When I was a kid, my parents would load my brother, my sisters and me into our van and haul us off to the buttes and flats of eastern Wyoming and Montana, to search for fossils left by ancient inland seas. I remember those places as all openness, meadowlark song and dusty two-lane highways that ran in straight lines to unbroken horizons. Drive-through country. Country some might call wasteland. Country we loved.
These days, those places don't feel quite so empty.
Coalbed methane wells, waste pits, roads and pipelines have covered the Powder River Basin, which straddles northeastern Wyoming and southeastern Montana. Gillette, Wyo., has overflowed with new houses, and diesel pickups clog the local roads and parking lots. It's not hard to look at this sort of energy development as an environmental blight -- it slurps up groundwater, pumps unknown chemicals into the earth and chews up millions of acres of habitat to send greenhouse-gassy fuel to urban markets.
But there's another land rush on in southeastern Wyoming -- this one to harness wind that blows so hard in places, even turbines can't handle it. And in the Southwest, companies are jockeying for 1.7 million acres worth of access to prime solar energy on BLM land -- much of it in the Mojave Desert.
Renewables are undoubtedly cleaner than oil and gas. But because they're less concentrated energy sources, they're going to have to take up a lot of space to sate our massive energy appetite. In the case of solar, that will mean whole landscapes scraped clean -- what one BLM official recently described to The Associated Press as "a potentially irreversible commitment of lands." And harnessing renewable energy from remote places requires building giant new transmission lines to reach urban markets. In the path of all this development are "wastelands" like those I loved as a child -- landscapes that aren't wastelands at all, but home to delicate ecosystems, rare plants and animals, and to the West's mythic emptiness.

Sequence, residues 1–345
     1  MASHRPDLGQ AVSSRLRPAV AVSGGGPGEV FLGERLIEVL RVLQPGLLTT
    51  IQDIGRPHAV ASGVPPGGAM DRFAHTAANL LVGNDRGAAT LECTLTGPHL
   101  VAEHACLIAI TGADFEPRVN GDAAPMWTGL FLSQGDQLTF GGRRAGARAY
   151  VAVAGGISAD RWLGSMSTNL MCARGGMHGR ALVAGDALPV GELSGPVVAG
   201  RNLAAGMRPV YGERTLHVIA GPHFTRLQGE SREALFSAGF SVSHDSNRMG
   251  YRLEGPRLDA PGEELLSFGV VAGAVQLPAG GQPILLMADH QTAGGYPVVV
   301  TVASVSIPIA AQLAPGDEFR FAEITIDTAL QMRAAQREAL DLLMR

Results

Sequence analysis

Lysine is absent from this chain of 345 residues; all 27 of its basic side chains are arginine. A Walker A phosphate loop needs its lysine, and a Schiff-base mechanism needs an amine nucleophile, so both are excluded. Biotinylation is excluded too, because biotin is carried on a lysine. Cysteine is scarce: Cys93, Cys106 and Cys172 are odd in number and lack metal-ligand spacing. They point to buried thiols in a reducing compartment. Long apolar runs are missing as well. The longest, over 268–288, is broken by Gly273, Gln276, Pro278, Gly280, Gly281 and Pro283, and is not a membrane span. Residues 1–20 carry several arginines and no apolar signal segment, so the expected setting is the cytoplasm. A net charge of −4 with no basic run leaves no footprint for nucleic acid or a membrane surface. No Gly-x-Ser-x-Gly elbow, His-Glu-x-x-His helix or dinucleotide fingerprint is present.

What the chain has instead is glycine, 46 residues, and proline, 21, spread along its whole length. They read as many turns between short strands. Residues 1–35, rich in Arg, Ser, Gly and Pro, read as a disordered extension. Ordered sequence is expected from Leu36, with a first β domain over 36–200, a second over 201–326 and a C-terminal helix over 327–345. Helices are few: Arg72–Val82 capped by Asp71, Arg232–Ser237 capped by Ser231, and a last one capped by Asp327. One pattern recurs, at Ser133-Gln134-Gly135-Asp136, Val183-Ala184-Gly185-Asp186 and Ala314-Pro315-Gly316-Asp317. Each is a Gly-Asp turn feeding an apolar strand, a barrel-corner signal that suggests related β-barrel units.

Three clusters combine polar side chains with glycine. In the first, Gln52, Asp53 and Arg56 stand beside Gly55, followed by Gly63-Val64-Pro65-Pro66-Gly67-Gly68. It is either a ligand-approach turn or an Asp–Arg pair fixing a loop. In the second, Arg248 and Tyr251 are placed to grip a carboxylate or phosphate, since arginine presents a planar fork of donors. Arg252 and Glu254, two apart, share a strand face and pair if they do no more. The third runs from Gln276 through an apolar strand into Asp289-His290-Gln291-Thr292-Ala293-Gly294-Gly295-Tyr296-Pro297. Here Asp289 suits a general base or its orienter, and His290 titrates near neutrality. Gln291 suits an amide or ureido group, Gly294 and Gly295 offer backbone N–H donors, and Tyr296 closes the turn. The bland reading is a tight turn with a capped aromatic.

As Judith Lewis explores in one of this issue's features, "High Noon," renewable energy presents a conundrum for environmentalists who have long defended places like the Mojave, but who now also must consider the threat of climate change -- a problem so huge that even if all 70,000 megawatts of solar projects proposed for BLM land were built, we still wouldn't come close to offsetting the more than 300,000 megawatts of coal generation we currently rely on. And our hunger for energy keeps growing.
Can we find ways to develop large-scale renewable energy plants and transmission without sacrificing large tracts of pristine land, as happened with oil and gas? We hope the answer is yes. In the meantime, however, let's try to put as much renewable energy as possible on already-developed land and buildings. And why not simply use less?